Many participants gather around a hatching nest solely to marvel in the spectacle and share the experience with their fellow volunteers. On many occasions, passers-by will also join the group in hopes of witnessing the event. This provides a great opportunity to interact with the public and volunteers are usually willing to answer questions. In the event that there are a lot of people on the beach when the nest hatches or the hatchlings become disoriented and crawl away from the sea into the dunes, it is very helpful to have knowledgeable volunteers on hand to keep the area clear or get the hatchlings headed in the right direction.
After the Boil
About 3 days after the hatching, volunteers with the sea turtle watch conduct an excavation, or inventory, of the nest. The nest will be filled with empty eggshells, and each shell must be counted. In addition, some underdeveloped eggs may be present. On occasion, there are a few hatchlings still at the bottom of the nest — ones that didn’t quite make it out with the others. Unfortunately, sometimes these hatchlings are dead, but often they are alive and just need assistance to get out of the nest chamber.
The nest inventory helps determine the success of the nest, both the hatching success (percentage of turtles that hatched from their eggs) and the emergence success (percentage of turtles that emerged from the nest un-aided by humans). These numbers as well as the total number of nests laid, and the number of false crawls help give biologists a glimpse at how the nesting population of turtles is faring.
What Can You Do To Help Sea Turtles?
Do Not Disturb If you see an adult sea turtle coming on shore, stay quiet, and keep your distance! Otherwise, she may get scared and go back into the ocean without nesting. They are an endangered species and it is a federal offense to harass them.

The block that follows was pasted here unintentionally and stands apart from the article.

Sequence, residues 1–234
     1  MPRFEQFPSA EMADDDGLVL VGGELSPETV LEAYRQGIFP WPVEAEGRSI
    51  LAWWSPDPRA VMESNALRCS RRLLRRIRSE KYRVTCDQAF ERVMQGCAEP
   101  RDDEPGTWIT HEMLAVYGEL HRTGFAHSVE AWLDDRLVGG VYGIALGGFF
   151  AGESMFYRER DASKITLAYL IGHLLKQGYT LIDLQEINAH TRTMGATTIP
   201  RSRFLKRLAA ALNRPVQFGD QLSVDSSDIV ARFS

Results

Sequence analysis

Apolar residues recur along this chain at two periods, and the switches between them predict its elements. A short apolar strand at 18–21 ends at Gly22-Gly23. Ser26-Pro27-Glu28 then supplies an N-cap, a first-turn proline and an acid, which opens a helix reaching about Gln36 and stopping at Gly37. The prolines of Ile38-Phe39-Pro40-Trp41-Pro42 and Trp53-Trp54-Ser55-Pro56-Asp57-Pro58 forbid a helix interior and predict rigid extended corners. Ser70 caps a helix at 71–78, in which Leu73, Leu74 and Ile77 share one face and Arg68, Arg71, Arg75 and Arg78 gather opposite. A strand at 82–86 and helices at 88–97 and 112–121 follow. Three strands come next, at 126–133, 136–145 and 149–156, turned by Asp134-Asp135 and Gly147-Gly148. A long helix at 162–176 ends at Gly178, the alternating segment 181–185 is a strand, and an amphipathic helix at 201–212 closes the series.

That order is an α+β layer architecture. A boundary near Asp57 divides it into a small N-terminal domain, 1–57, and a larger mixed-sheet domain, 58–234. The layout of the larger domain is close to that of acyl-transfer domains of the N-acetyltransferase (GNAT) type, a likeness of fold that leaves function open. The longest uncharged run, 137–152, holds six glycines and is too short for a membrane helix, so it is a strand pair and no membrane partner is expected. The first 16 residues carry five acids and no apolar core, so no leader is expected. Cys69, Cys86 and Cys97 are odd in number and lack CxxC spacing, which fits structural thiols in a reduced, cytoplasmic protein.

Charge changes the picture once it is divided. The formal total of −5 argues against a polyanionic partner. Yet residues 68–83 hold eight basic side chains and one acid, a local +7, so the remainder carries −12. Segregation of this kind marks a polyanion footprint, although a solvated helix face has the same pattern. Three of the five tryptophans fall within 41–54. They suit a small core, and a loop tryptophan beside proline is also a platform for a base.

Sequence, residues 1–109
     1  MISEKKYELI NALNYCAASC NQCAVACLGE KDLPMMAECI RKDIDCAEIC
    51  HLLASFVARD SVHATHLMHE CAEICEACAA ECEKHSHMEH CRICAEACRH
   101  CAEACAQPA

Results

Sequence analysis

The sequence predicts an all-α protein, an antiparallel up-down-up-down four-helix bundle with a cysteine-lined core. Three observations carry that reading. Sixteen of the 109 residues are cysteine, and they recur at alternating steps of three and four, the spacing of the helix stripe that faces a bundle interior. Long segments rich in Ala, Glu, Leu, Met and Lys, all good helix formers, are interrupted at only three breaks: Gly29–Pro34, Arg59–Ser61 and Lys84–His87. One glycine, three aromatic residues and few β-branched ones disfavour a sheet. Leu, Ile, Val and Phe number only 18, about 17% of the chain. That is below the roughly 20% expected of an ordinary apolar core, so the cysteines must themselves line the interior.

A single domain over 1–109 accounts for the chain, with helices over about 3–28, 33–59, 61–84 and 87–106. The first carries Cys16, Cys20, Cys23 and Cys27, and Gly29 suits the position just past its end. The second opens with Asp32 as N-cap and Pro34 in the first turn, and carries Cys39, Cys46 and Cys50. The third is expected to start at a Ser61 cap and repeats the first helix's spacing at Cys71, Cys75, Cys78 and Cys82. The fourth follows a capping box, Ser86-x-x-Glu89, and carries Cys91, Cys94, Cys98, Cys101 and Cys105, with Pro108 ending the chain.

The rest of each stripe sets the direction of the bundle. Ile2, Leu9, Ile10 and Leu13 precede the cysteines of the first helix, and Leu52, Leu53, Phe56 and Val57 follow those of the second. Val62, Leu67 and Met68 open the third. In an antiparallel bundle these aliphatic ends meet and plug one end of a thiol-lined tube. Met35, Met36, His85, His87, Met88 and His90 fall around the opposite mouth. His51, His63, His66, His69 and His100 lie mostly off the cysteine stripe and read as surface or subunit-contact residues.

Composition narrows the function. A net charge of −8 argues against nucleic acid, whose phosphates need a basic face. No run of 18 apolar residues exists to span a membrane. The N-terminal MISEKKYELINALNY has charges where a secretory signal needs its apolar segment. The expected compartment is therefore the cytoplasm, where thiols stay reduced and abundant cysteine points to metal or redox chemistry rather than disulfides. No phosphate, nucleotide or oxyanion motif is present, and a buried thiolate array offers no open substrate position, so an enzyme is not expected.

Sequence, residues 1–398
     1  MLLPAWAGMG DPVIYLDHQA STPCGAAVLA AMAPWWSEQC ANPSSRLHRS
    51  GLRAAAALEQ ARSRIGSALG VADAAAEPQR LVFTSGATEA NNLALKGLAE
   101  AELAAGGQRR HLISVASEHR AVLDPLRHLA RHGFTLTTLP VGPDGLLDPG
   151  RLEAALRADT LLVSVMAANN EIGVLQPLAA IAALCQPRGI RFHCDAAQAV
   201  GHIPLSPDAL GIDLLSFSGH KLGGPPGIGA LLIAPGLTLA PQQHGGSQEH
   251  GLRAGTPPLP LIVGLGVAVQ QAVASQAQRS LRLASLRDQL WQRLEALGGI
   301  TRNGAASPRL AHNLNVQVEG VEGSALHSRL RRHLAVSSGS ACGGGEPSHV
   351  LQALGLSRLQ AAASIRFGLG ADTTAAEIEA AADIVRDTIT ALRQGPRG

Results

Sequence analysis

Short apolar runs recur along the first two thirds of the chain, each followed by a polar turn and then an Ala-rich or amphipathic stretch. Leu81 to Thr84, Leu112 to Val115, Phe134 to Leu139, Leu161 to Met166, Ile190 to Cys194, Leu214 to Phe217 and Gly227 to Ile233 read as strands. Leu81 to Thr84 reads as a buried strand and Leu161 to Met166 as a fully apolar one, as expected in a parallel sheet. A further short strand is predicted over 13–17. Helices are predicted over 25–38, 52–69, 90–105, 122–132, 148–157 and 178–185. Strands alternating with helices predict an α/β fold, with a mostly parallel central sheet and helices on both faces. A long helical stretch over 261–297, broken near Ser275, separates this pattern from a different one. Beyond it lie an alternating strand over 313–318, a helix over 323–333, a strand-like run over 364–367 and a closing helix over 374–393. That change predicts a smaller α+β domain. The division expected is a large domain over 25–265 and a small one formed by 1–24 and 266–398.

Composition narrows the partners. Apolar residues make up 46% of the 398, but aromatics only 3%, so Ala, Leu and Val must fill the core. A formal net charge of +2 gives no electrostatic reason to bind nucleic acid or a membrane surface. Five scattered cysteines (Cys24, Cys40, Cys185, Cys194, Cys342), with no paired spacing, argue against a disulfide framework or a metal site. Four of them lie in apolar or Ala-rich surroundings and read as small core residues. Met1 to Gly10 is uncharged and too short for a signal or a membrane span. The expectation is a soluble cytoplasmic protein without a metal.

Turn Off All Flashlights Lights may scare or confuse the adult female and cause her to leave without nesting.
Lights Cause Hatchlings To Go In The Wrong Direction Please turn off all outside lights each night. Also if there are curtains or blinds use them so your indoor lights do not lead the hatchlings away from the ocean.
Never Pick Up A Hatchling It is critical that they crawl on their own. Do Not Disturb The Nest Area. Watch for the nest markers.
Stay Off Sand Dunes & Do Not Pick Sea Oats Sand dunes provide a critical habitat for sea turtles and help prevent flooding during times of extreme tides and storms. Foot traffic kills plants and severely damages the sand dunes.
Help Us Keep Our Beaches Clean Sea turtles may mistake a plastic bag or other forms of litter for a jellyfish (they eat them). All personal items and equipment must be removed from the beach each day, these items may trap a sea turtle.
Please Fill In All Holes On The Beach When Done Playing Holes can trap sea turtles and are a safety hazard to humans.
Keep Dogs On Leashes At All Times No dogs shall be permitted on the beach strand between the hours of 9:00 am and 6:00 pm during the period of Memorial Day through Labor Day regardless of whether they are leashed or not.
No Fireworks Fireworks can scare off nesting sea turtles and leave behind trash that may be mistaken for food by marine wildlife. Also, unauthorized discharge of fireworks is not permitted per North Carolina state laws.
Please report all sightings of nesting turtles, dead turtles, unmarked nests, or crawls to: Wrightsville Beach Sea Turtle Project: 833-4-TURTLE or the Statewide Hotline 252-241-7367.
Check Out Some of Our Favorite Videos
Sea Turtles Hatching on Ocean Isle Beach
Sea turtle laying 209 eggs on nearby Bird Island
Sea Turtles Hatching in the Day Time at Emerald Isle, NC
Sea Turtle Boil on Holden Beach, NC